This narrative study investigates the acculturation experiences and language practices of a mother and a daughter from two immigrant generations in Hong Kong. This study presents a picture of how individuals from different generations have responded to marginalization, accumulated linguistic and cultural resources, and developed different acculturation strategies, to facilitate socialization and academic success. The study suggests that compared to the mother's, the daughter's ways to empowerment are more complex and more relevant to issues of cultural compromise and linguistic accommodation. It is found that while the mother attempts to erase the heritage identity from the daughter to counteract the disadvantageous social position of ethnic minorities, the daughter identifies significant symbolism in heritage identity and language. The findings indicate that language ideology of the two generations tends to shift from a preference toward monolingualism in English in the first-generation mother to bi/multilingualism in the second-generation daughter. The implications of the findings for immigrant children, the host society and policy makers are discussed. Copyright © 2019 Published by Elsevier Inc.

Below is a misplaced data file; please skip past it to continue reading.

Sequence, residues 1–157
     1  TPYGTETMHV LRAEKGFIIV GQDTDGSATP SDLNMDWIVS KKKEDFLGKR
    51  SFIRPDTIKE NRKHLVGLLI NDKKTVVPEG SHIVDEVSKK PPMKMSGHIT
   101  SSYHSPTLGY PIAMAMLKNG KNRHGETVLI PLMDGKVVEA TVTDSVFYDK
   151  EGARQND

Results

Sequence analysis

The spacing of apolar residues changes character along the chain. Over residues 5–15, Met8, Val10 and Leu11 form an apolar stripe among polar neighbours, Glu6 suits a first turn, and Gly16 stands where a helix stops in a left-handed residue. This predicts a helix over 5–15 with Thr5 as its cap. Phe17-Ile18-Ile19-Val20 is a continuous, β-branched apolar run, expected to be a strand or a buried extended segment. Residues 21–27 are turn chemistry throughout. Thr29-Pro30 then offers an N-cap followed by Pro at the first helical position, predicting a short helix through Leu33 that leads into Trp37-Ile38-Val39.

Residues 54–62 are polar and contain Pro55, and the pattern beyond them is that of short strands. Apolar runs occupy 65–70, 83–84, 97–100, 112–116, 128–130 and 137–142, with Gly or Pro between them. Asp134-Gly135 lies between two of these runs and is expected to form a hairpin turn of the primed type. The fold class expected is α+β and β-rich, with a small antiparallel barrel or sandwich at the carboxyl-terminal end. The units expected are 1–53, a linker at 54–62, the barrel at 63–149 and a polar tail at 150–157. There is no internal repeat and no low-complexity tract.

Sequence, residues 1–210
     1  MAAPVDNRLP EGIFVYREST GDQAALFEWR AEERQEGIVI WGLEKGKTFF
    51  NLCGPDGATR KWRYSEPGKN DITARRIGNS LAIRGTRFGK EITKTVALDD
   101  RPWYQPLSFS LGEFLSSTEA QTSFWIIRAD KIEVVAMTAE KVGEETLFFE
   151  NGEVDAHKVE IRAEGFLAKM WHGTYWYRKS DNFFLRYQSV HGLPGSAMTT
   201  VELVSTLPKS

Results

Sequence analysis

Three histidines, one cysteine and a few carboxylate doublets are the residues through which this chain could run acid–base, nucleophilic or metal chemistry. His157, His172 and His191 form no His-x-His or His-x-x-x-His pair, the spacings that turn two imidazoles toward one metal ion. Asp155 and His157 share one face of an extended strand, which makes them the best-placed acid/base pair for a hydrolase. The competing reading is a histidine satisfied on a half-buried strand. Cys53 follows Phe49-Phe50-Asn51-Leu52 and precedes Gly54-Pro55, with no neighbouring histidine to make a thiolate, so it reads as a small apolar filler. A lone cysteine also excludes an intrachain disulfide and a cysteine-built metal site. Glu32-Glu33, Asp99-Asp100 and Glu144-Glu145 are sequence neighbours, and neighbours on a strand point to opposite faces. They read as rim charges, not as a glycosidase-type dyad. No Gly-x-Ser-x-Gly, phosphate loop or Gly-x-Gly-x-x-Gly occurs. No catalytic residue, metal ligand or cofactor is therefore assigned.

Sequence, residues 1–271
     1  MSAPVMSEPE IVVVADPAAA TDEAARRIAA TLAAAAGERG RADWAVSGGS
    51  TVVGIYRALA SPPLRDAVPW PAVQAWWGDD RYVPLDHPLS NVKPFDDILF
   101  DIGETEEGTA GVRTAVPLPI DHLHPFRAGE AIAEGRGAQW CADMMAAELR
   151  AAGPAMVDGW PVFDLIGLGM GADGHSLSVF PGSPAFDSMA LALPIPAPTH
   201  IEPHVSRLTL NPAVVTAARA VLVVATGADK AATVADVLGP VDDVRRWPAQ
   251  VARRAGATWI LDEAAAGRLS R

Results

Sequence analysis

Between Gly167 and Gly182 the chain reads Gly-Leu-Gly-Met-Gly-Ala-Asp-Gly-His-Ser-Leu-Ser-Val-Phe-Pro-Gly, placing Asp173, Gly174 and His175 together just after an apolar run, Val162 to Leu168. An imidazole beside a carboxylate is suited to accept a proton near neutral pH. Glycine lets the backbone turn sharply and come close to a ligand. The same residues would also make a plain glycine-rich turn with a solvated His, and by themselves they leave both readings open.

CitationGu, M. M., & Lai, C. (2019). From Chungking Mansions to tertiary institution: Acculturation and language practices of an immigrant mother and her daughter. Linguistics and Education, 52, 52-60. doi: 10.1016/j.linged.2019.06.001
- Language practices
- Ethnic minority
- Language ideologies